The risk of millions of people being tracked is exacerbated by the data retention mandate in the CERT-In directive, Raman Jeet Singh Cheema, Asia Pacific director of policy at Access Now, said in a June 1 open letter.

“Requiring service providers, including VPN providers, to log information they may not have collected for five years or more violates the right to privacy protected by the Constitution of India,” he said.

India’s IT ministry could not be reached for comment.

Authorities rejected requests from tech firms and digital rights groups to delay implementation and said the reporting schedule was “very generous.”


India isn’t the only country cracking down on VPNs.

Last year, Russia banned several VPN services as part of a wider campaign that critics say restricts internet freedom, although it has not been able to block them completely.

Russia’s move to block global news sites and social media platforms after its invasion of Ukraine – similar to China’s “Great Firewall” – has raised concerns that the internet is fracturing along geopolitical lines, isolating people digitally.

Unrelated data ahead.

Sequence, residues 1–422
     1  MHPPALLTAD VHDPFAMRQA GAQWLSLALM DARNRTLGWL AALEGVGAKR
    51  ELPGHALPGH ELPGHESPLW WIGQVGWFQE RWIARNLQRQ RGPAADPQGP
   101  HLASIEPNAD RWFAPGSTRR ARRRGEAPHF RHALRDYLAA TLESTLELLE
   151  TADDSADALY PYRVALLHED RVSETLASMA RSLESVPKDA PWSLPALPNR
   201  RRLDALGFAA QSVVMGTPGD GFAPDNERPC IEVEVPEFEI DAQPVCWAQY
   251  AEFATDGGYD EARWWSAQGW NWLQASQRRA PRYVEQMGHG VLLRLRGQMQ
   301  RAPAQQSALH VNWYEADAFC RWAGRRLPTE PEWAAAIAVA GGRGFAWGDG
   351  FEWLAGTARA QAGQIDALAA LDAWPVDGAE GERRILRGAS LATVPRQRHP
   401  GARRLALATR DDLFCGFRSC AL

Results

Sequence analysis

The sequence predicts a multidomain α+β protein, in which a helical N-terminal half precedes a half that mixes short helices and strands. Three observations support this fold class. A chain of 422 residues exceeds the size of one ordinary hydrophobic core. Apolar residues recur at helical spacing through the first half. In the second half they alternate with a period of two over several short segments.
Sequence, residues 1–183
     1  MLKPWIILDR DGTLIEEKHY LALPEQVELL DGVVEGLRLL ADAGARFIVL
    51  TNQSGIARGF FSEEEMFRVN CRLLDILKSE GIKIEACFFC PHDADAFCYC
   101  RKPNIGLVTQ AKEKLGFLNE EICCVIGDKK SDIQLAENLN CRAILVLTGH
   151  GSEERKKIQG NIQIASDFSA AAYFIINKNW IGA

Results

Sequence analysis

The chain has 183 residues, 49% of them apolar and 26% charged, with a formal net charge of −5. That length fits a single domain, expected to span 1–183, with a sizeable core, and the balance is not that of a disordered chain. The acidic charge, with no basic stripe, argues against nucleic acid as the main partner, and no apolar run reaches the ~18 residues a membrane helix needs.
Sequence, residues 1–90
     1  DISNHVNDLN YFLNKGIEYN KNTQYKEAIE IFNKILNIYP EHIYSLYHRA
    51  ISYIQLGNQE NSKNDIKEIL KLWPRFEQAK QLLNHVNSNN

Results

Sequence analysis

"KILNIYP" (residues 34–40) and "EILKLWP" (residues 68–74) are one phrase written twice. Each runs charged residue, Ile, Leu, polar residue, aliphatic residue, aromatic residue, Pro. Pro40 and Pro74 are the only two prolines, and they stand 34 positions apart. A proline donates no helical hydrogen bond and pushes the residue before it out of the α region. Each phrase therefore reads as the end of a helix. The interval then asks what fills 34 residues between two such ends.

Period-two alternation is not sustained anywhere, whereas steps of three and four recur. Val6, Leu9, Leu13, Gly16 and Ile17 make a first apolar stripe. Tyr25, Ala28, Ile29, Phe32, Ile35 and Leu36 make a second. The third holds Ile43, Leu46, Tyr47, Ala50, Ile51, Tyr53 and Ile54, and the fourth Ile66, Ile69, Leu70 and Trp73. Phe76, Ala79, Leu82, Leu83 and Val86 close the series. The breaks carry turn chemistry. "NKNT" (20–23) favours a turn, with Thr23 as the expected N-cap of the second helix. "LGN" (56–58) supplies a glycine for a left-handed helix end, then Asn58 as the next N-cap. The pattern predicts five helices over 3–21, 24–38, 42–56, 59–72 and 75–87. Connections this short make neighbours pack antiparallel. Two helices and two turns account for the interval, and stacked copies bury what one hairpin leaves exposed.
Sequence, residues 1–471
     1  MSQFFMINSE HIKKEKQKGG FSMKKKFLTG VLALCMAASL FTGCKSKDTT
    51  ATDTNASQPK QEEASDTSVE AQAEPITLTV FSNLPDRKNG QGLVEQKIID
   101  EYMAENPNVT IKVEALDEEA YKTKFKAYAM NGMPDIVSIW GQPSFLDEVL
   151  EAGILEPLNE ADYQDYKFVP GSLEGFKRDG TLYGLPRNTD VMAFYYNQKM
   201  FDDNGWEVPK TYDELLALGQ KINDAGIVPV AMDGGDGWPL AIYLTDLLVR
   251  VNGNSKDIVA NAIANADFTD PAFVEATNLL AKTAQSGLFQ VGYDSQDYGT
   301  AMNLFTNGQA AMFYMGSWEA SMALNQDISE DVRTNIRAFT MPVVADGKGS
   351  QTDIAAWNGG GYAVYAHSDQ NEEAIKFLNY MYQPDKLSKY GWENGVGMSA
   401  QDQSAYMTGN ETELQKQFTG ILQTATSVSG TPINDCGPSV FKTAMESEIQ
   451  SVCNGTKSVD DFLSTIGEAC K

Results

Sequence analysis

India’s new directive was drafted after little consultation with the tech industry or civil society organizations, said Pratik Vogre, policy director at the Internet Freedom Foundation, a Delhi-based digital rights group.

“Because of this, there are now a bunch of guidelines that are ambiguous, with a huge compliance burden, including potential jail time for non-compliance,” he said.

The rules could do a lot of damage, especially in the absence of data protection law, he added.

“While there is an obvious need to strengthen cyber security, when you ask for indiscriminate data collection, everyone is at risk – and there is a greater risk for people who are already at risk, such as activists, journalists, dissidents, minorities.” (Reporting by Rina Chandran @rinachandran; Editing by Kiran Gilbert Please mention the Thomson Reuters Foundation, the philanthropic arm of Thomson Reuters that highlights the lives of people around the world who are fighting for a free or just life.

This story was published from the news agency’s feed without changes to the text. Only the title has been changed.